At first blush Matthew Taylor Mellon II lives up to his patrician name as we dine at his favourite lunch spot, a little Italian place below his apartment situated within Manhattan’s stately Pierre hotel. Five years sober, after lengthy battles with drugs and booze, the 50-year-old has an enviable tan that complements his blue Savile Row suit and Hermès tie. He orders a salad and a cranberry-juice-and-soda.
But unexpectedly he asks the waiter to take away his cellphones, fearing Snowden-style eavesdropping. And then the scion of America’s most enduring banking family lets it fly: “I feel like citizens are fed up with banksters,” using a term the Occupy Wall Street crowd would surely approve. Politicians receive similar disdain: “We need to live in a more transparent, free democracy. The more secretive America becomes, the more dangerous it is.” The solution, Mellon says, is Bitcoin, and he’s invested $2 million to start an incubator for Bitcoin companies, convinced virtual currency will replace the dollar bill. “The banks are going to be scratching their heads,” he says, a smile encroa-ching on his high cheekbones.
A bit loony? Clearly. But in an ironic way, Matthew Mellon is exactly what his great-great-great-grandfather Thomas Mellon envisioned when he launched the family on what’s now a nearly two-century run of financial dominance. In scanning Forbes’s first-ever ranking of America’s Richest Families, one thing that stands out is how many of the great fortunes of the mid-19th century have dissipated. The Astors and the Vanderbilts, the Morgans and the Carnegies, none make the cut. Some of that is the result of generous, world-changing philanthropy. Some of it decades upon decades of wastrel heirs. Much stems from both. Amid this peer group, however, the Mellons stand out. Of America’s billion-dollar dynasties, only the Du Ponts are having a longer run, and they have a dominant family company perpetually generating the wealth. Not so with the Mellons, who have flaky heirs like Matthew plowing millions into fashion labels and Bitcoin startups, yet have nonetheless maintained a $12 billion fortune, the 19th-largest family net worth in America, one greater than the Rockefellers and Kennedys, combined.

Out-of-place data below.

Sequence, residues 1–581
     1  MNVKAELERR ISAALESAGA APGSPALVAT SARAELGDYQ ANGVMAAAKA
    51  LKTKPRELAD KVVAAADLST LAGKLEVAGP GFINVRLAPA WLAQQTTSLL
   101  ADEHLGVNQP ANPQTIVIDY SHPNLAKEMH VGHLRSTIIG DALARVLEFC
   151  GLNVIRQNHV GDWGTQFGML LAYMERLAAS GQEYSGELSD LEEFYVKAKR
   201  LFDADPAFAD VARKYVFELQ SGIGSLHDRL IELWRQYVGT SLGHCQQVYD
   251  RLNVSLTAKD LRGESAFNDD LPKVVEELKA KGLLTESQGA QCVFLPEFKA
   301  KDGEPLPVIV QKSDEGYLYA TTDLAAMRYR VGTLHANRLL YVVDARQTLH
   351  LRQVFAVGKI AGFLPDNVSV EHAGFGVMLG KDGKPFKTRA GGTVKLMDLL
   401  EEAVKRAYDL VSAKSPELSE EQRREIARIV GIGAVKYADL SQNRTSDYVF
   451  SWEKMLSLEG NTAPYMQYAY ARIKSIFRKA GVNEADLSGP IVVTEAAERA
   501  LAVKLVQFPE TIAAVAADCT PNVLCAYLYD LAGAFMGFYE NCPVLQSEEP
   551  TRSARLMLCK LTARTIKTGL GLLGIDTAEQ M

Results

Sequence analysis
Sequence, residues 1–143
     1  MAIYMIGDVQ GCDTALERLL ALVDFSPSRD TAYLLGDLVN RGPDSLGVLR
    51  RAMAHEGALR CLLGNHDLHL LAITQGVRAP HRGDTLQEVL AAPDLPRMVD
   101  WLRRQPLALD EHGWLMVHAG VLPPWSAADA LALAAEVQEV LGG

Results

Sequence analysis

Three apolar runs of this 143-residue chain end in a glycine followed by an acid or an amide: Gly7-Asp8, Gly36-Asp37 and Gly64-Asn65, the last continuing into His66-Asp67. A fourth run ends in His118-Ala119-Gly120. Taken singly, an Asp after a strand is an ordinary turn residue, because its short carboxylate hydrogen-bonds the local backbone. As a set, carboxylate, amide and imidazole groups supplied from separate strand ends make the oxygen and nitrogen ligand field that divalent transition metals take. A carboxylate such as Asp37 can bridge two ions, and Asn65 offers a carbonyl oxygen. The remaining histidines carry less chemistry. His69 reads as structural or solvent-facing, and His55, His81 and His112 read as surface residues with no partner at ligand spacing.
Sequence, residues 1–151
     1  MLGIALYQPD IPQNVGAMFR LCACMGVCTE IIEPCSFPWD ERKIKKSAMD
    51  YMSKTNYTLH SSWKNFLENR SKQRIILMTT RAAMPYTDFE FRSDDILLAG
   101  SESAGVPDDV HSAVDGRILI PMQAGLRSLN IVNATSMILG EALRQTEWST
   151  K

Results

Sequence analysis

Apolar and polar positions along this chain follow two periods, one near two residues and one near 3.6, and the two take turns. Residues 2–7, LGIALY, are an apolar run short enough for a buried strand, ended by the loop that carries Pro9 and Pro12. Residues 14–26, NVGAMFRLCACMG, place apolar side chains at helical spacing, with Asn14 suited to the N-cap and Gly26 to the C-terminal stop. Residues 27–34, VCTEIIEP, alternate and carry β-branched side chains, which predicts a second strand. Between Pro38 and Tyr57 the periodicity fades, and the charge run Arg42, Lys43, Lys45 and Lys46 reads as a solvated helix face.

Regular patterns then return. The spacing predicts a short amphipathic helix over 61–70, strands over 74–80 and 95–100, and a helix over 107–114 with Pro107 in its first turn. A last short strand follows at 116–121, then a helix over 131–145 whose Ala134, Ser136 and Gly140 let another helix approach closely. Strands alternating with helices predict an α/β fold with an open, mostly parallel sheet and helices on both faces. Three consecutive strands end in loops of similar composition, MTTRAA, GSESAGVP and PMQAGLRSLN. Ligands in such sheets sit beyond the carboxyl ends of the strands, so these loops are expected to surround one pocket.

They’ve done this quietly. Most of the Mellons contacted declined to be interviewed for this story or would speak only on background. “We’re happy being under the radar,” says Peter Stephaich, Matthew’s cousin, who owns a barge company in Pittsburgh. But the secret boils down to a family ethos that values one thing over all others: Capital preservation. While the pitfalls of inheriting money without purpose have been well-documented, Thomas Mellon himself put forward a tacit understanding that while spending was acceptable (Matthew Mellon’s pad at the Pierre is likely worth $7 million, and he likes to fly private), it came with the expectation that each generation push forward a bigger pile than he or she was given. While all the branches operate independently, they’ve almost universally employed smart tricks that minimise taxes, including generation-skipping trusts and making charitable contributions in stock. More critically, Thomas Mellon expected his progeny to be entrepreneurial, with the anticipated corollary that the process would fuel the American economic machine.